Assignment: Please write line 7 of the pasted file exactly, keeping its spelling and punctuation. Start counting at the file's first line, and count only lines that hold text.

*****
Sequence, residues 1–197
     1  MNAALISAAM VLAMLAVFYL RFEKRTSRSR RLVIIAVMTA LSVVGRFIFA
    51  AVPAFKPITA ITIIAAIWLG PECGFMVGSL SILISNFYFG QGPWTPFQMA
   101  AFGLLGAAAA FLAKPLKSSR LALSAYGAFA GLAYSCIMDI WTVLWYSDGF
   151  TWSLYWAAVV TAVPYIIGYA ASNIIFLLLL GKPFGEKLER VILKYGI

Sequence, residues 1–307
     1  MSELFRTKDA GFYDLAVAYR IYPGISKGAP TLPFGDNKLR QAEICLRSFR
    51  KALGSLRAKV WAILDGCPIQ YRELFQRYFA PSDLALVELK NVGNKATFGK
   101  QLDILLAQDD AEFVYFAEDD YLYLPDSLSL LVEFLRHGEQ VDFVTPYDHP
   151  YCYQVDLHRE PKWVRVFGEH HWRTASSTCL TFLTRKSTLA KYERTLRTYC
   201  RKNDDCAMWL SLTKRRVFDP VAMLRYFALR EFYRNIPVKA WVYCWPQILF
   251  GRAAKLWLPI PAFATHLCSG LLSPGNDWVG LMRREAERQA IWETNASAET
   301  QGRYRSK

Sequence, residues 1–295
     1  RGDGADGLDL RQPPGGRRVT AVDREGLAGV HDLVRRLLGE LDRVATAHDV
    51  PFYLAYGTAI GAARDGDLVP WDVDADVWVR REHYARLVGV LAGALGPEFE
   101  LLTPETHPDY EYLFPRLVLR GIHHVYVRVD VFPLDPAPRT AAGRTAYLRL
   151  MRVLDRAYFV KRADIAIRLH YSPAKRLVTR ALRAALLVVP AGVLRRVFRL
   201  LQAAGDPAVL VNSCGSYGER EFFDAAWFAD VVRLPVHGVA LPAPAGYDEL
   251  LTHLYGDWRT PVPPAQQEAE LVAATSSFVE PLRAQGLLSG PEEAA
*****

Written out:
     1  MSELFRTKDA GFYDLAVAYR IYPGISKGAP TLPFGDNKLR QAEICLRSFR